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Home https://server7.kproxy.com/servlet/redirect.srv/sruj/smyrwpoii/p2/ World https://server7.kproxy.com/servlet/redirect.srv/sruj/smyrwpoii/p2/ What Hamas really wants from its latest attacks on Israel

What Hamas really wants from its latest attacks on Israel



A rocket launch from Gaza on Monday destroyed a house north of Tel Aviv, injuring six family members, including three children as young as 18 months old. The Israeli Defense Forces hammering Gaza terrorist targets and Hamas lobbing rockets at border towns

As this deadly dance reaches a crescendo, Israelis should emulate Fred Astaire in the classic Irving Berlin hit: Change partners. The strategic goal, which should be an end to Hamas rule in Gaza – Americans should support.

Hamas has scheduled a million- man ”to Israel's border fence, of weekly attempts to breach Israeli sovereignty, only in scale and likely to be more violent than usual. [IfIsrael'sApril9electionisnearssomeofthetoprivalsarepoliticiansalreadypushingvariousplansforregimechangeinGazaAndguesswhat?InsideGazamanywouldlovethattoo(Alasnoelectionhavebeenheldsince2006)ArabSpring-likeanti-HamasdemonstrationsthatstartedthismonthhavereceivedlittleattentionoutsidetheMiddleEastbuttheyaregrowingSickofHamas'crueltymisruleandcorruptiondissidentGazanshavebeenpouringintothestreetsTherevolthaspersistedaswellasHamasthugshaveusedforceincludingliveammunitiontosnuffitout

Hence the Hamas leadership's decision to turn to an old playbook:

Hamas tried to explain its missile launch as "a mistake" on the same day. But it was too late: Prime Minister Benjamin Netanyahu cut a Washington trip short while IDF jets bombed to the offices of Ismail Haniyeh, Hamas political chief. Also hit were intelligence and military buildings and other symbols of the organization's power.

But symbolism won't do the job. On Wednesday, a smiling Haniyeh was photographed next to the ruins of his former office, flashing a victory sign.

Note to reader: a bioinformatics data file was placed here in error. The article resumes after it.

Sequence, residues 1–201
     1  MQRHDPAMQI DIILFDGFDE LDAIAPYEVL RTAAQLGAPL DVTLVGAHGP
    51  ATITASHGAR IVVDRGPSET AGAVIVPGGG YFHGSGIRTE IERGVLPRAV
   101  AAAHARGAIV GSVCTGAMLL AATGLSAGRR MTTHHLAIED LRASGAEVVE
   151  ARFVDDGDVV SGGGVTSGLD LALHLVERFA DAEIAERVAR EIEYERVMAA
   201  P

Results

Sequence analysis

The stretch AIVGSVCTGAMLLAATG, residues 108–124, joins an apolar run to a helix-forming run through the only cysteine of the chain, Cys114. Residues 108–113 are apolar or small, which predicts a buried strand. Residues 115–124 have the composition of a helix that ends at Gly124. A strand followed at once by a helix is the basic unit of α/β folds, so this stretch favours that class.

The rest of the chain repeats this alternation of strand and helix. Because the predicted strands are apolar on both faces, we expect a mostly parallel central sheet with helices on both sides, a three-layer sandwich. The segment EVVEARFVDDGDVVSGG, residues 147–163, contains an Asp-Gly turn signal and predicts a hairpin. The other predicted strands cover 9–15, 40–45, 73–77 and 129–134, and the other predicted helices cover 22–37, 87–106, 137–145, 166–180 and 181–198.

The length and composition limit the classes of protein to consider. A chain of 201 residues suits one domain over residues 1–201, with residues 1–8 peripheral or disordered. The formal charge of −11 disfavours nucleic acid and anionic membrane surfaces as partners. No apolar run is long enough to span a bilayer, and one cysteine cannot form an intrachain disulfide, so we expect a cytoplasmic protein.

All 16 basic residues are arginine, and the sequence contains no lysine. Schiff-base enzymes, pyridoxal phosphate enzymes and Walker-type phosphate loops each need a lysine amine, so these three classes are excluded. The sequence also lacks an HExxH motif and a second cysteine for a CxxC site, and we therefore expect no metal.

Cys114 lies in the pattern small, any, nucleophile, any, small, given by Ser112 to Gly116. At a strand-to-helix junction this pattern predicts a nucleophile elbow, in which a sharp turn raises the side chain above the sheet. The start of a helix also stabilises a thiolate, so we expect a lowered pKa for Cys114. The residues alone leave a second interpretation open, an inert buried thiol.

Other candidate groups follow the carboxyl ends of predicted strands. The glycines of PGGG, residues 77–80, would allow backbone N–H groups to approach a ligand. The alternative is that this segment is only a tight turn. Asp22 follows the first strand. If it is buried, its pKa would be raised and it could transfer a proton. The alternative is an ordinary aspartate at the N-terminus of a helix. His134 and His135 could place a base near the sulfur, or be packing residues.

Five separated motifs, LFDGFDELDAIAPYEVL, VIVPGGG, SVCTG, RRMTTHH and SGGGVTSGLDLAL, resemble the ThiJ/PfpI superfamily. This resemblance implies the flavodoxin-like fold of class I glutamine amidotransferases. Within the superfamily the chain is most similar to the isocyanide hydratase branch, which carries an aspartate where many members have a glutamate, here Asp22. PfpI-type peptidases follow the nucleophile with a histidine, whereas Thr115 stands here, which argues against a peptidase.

No wonder an opinion poll Tuesday showed more than half of all Israelis as the army response too weak. They are tired of the Qatar and Iran-backed Hamas and its endless provocations, which are limited to missiles.

Even before the latest launch, Gazan rockets regularly, and indiscriminately, targeted Israeli border towns, forcing residents to seek shelter, often with only seconds to avoid being hit. And those crowds that gather weekly at Israel's border aren't peaceful protesters, contrary to Western media perceptions. Typically, women and children provide cover as terrorists deploying devices mounted on balloons or kites, burning down Israeli fields.

. The home of Israel's UN ambassador, Danny Danon, is in Mishmeret, more than 1

00 yards from where the missile landed. "If the terror from Gaza continues," he warned at the Security Council Tuesday, "the Hamas leadership will. . . be buried in the tunnels of Gaza. ”

As of now, though, Israel's response has fallen short of burying Haniyeh or anyone else. Why? The April 9 election has proved more challenging for Netanyahu than any before it.

Despite his tough talk, Netanyahu is far from a trigger-happy warm-up. Throughout his long tenure, he has tried to avoid all-out military conflagrations, preferring instead of pinpoint, daring air attacks (like the one on Thursday morning in Syria).

Then, too, Netanyahu is the northern front, where Iran and Hezbollah strives to establish an anti-Israel beachhead in Syria, as more strategically menacing than Gaza in the south. remains inescapable

Whether Netanyahu survives the election that comes right after Hamas' Saturday march at the border, or is replaced by top challenger Benny Gantz, Israel will soon need to deal with its Gaza problem. Hamas control of Gaza – a disaster brought about by the George W. Bush administration's obsession with spreading democracy among the Arabs – must end

With a change in dance partners can come a whole new routine.

Twitter : @BennyAvni


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